Electronic cargo tracking system from January
Kathmandu, December 9
The government is all set to introduce electronic cargo tracking system (ECTS) from January for reliable delivery of Nepal-bound cargoes via Indian transit.
The ECTS will control the turnaround time of the shipping line containers and is expected to reduce the high demurrage and detention charges being incurred by the Nepali importers due to delay in returning the containers to the shipping lines.
Shipping liners normally provide 21-day turnaround period, which means that the Nepal-bound cargo containers that leave the Kolkata port must be returned to the shipping liners within 21 days after unloading the goods in Nepal. However, traders are often slapped demurrage charges as they miss the deadline of the shipping liners due to delay from Indian Railway, congestion in dry port, among other reasons.
To end this perennial problem, the Ministry of Commerce (MoC) is going to introduce ECTS, which will monitor the Nepal-bound cargo containers. The MoC, with the support from the Asian Development Bank, has already selected the vendor to instal electronic device on the cargo containers bound for Nepal. Starting from January, traders can take this service voluntarily for the first 90 days but after three months, it will be mandatory for the Nepal-bound containerised cargoes, according to Ravi Shanker Sainju, joint secretary at the MoC.
Traders would have to pay for $45 per container to obtain this service and those willing to take this service would have to inform the Kolkata customs during the Customs Transit Declaration at the port customs office. The port customs places additional locks on Nepal-bound cargoes to ensure that the goods imported for Nepal are not sold in India. However, the port will not place additional lock on those cargo containers that take ECTS service. Moreover, the provision requiring purchase of additional insurance in India on import of sensitive goods will not be compulsory thereafter, according to Sainju.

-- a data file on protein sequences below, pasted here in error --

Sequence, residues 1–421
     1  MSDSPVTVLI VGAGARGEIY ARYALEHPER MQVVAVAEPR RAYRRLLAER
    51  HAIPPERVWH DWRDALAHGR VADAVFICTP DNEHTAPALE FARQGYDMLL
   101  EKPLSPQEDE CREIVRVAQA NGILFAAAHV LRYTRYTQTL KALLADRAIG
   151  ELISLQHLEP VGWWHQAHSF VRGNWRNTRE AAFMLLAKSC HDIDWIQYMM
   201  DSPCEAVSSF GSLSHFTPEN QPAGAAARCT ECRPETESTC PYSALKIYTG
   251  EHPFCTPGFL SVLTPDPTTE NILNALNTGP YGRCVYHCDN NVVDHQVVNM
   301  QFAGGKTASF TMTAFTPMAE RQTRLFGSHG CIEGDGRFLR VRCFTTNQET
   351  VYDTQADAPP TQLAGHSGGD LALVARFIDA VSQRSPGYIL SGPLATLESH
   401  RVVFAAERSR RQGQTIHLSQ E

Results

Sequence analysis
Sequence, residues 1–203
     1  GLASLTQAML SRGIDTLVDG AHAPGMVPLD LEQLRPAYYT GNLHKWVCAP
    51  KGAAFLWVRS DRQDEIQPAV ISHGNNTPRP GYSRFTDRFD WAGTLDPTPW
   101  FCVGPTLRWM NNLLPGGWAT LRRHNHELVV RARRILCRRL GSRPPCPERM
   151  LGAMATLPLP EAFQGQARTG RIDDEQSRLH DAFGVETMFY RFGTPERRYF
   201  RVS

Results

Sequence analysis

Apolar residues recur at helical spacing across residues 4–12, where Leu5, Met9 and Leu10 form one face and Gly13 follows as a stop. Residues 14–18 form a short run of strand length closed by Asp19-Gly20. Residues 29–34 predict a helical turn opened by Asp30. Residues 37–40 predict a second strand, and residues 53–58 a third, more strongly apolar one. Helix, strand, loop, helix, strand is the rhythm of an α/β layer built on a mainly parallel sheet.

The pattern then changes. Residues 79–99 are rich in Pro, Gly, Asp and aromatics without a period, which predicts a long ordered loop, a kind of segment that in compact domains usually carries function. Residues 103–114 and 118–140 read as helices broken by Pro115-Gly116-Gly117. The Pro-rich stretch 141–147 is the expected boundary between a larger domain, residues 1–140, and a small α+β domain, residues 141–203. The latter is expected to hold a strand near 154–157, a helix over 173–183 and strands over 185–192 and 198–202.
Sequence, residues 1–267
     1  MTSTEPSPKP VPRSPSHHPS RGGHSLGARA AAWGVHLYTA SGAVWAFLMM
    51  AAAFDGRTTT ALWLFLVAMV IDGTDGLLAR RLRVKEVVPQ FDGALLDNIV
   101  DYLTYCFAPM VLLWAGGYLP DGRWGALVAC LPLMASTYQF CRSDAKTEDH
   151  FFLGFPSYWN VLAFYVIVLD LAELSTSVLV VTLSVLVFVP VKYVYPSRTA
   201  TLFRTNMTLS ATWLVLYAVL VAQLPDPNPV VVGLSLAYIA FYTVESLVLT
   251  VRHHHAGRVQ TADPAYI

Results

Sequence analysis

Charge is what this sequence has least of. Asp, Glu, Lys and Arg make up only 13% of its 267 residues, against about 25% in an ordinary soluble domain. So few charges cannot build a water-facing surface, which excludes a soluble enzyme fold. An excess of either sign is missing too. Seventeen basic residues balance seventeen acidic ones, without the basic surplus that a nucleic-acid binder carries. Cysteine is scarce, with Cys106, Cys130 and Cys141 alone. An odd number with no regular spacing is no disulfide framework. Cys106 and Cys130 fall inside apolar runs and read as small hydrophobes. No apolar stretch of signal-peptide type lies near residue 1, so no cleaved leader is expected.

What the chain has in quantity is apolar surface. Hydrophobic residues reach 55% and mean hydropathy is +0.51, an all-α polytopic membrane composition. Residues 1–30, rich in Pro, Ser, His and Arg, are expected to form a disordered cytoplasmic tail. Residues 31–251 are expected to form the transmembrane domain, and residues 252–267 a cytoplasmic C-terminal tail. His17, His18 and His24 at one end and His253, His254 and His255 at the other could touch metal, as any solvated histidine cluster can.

“We can expect that the cost and time of international trade will be minimised once the system comes into implementation in full-fledged manner.”
The Kolkata port customs, consul general of Nepal in Kolkata and the border customs points of India and Nepal would be able to simultaneously monitor the containers in which the electronic device are installed.
After this system comes into force, the Indian government will also allow the movement of Nepal-bound cargoes to the nearest rail head at Jogbani. Nepal has also proposed allowing ferry of Nepal-bound cargo via rail to Nautanwa (nearest rail head from Bhairahawa), according to Sainju. Currently, Indian Railway can ferry Nepal-bound cargoes via rail to the only rail linked Inland Clearance Depot (ICD), Birgunj. After enforcement of the ECTS, Nepal-bound containerised cargoes can be ferried to Jogbani from Kolkata and then to Nepal via road, which will lower the transportation cost because rail transportation cost is cheaper, according to Sainju.
He further said that the ECTS will also be enforced on the Nepal-bound cargoes that come through the Visakhapatnam port.